The patent activity in any country is considered a core indicator of the prevalent research and innovation ecosystem. Traditionally, India has fared poorly in patent filings due to several factors, including poor infrastructure and limited resources for processing patent applications, weak IP protections, limited R&D funding, and a general lack of patenting culture. However, the scenario has shifted over the last decade.
According to the March 2021 CSET report on Mapping India’s AI potential, there were 10 times as many AI-relevant patent applications in 2018 as compared to 2012.
India’s global rank on the number of patent families related to AI was 8th, ahead of Russia and France. The top spot is occupied by China, followed by the United States and Japan.
“It is interesting to note that, in comparison to other top 10 countries, India had no AI relevant patents prior to 2002. Therefore, it is impressive to see India get ranked in this list after having caught up in less than two decades in this domain,” mentions the report.
Consequently, the number of Indian AI patent grants are likely to grow in the coming years. “As litigation becomes more established, the expenditure becomes more justified. Therefore, it is probable that the recent trend of increasing AI patent applications in India is also going to stay,” mentioned the report.
The figure below shows the distribution of patent families across AI application fields. The top application field for India’s AI patents was personal devices and computing.
Factors fuelling AI-patent boom in India
According to the CSET report, the AI patent boom post-2012 is commonly associated with increased connectivity, data availability, and greater computing power that brought new breakthroughs, including the rise of cutting-edge AI algorithms like deep learning.
The technology rush seen during the COVID-19 pandemic also increased the integration of deep-tech technologies like artificial intelligence (AI), machine learning, natural language processing, and big data analytics across sectors such as BFSI, healthcare, retail, and sales, among others.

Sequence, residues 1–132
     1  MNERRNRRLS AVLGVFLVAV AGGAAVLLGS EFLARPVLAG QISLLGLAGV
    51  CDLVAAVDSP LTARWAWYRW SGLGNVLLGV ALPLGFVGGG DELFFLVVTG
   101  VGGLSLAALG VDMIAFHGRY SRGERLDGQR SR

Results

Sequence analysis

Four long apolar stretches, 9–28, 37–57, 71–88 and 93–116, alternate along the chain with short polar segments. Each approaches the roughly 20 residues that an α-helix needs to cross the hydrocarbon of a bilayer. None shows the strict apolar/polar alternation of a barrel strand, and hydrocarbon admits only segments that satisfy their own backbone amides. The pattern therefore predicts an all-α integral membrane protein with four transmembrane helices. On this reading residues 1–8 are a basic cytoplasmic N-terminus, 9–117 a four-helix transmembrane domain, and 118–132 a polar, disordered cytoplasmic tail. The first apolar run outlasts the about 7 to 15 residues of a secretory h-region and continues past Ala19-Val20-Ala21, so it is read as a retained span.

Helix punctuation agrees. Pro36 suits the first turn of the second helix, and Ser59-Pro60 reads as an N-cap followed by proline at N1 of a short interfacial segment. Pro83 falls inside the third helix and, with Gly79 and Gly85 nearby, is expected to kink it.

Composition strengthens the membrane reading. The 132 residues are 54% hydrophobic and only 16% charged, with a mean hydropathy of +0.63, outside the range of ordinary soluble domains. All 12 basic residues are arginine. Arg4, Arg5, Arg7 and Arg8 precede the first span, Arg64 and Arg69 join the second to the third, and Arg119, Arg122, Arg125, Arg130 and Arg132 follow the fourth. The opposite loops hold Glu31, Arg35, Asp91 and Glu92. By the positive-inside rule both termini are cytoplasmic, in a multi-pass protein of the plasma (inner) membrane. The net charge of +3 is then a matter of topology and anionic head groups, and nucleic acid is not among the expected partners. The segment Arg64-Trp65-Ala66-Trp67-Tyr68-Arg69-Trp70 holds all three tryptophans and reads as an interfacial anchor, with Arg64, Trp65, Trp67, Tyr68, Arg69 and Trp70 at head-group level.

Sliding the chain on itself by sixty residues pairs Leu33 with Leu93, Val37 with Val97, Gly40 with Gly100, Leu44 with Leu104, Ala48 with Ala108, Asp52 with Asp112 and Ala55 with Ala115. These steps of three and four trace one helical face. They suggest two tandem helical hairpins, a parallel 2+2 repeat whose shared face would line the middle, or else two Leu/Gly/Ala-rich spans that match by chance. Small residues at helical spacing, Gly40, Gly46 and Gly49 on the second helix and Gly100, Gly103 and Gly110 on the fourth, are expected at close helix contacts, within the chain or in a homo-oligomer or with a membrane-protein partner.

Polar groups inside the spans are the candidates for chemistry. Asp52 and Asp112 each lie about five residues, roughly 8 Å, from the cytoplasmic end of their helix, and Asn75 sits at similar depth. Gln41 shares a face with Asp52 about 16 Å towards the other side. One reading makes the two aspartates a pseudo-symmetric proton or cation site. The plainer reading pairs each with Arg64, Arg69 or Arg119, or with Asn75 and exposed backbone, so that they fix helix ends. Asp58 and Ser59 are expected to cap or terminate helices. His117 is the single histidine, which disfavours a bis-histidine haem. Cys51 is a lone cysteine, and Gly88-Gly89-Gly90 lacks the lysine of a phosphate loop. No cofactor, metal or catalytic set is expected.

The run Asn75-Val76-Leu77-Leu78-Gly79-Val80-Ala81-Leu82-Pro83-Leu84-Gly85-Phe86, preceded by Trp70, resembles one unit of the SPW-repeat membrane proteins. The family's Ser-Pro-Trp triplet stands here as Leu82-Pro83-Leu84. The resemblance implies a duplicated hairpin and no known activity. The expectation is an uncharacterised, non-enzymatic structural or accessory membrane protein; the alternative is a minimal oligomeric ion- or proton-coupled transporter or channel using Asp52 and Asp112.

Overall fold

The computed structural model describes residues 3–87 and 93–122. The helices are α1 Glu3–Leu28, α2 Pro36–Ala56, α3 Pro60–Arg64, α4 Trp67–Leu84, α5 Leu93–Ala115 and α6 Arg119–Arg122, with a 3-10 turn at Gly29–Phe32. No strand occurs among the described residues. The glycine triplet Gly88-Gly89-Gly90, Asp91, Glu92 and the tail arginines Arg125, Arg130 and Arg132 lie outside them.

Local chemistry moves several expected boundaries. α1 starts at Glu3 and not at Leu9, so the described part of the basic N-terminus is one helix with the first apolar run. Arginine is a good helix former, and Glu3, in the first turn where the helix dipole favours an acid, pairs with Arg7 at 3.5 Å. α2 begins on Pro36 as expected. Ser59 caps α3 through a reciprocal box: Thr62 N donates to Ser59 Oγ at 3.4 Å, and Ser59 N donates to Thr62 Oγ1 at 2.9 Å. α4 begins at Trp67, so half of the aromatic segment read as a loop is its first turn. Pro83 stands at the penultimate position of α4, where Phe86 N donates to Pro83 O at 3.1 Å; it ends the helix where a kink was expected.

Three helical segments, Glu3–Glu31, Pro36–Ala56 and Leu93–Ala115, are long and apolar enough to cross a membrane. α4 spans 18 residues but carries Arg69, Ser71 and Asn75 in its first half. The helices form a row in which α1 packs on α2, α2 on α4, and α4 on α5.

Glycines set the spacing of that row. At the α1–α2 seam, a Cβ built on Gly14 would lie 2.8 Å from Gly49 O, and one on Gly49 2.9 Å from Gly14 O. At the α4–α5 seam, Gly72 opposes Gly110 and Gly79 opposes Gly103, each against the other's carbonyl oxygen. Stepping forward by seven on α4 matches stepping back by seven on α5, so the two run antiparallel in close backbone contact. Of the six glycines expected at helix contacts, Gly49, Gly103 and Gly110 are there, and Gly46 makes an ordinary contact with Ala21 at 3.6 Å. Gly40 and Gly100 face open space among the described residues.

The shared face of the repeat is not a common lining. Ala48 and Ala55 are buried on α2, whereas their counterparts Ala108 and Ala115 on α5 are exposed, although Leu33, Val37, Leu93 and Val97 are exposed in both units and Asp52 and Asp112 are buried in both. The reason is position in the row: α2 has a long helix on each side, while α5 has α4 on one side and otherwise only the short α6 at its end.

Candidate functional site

The government plays a crucial role by providing continuous support and enabling the adoption of artificial intelligence across divisions to help the Indian business community. Some of the steps taken by the government are:
- Launch of MCA 3.0 portal: The Ministry of Corporate Affairs (MCA) launched a revamped portal version 3.0, MCA 21, that will use data analytics, AI, and machine learning to simplify regulatory filings for businesses. This will make MCA-21 a ‘single point of information’ and promote ease of doing business, e-adjudication, and online compliance monitoring, among others.
- Dedicated artificial intelligence (AI) portal: In June 2020, the Indian government launched a dedicated artificial intelligence (AI) portal, www.ai.gov.in – jointly developed by the Ministry of Electronics and IT (MeitY) and the national IT trade association NASSCOM. It is being promoted as a one-stop platform for AI-related advancements in India. The Ministry of Commerce and Industry also set up a task force to kick-start the use of AI for India’s economic transformation.
- Established National Research Foundation: NRF, an autonomous body envisaged under the new National Education Policy (NEP) 2020 is established with the objective to boost research with an outlay of Rs 50,000 crore spread across five years.
- US-India Artificial Intelligence Initiative: On March 18, 2021, the Indo-US Science and Technology Forum — IUSSTF, launched the US-India Artificial Intelligence Initiative. The platform will enable AI innovation, will help in sharing ideas for developing an AI workforce, and will also recommend mechanisms and modes for catalysing partnerships.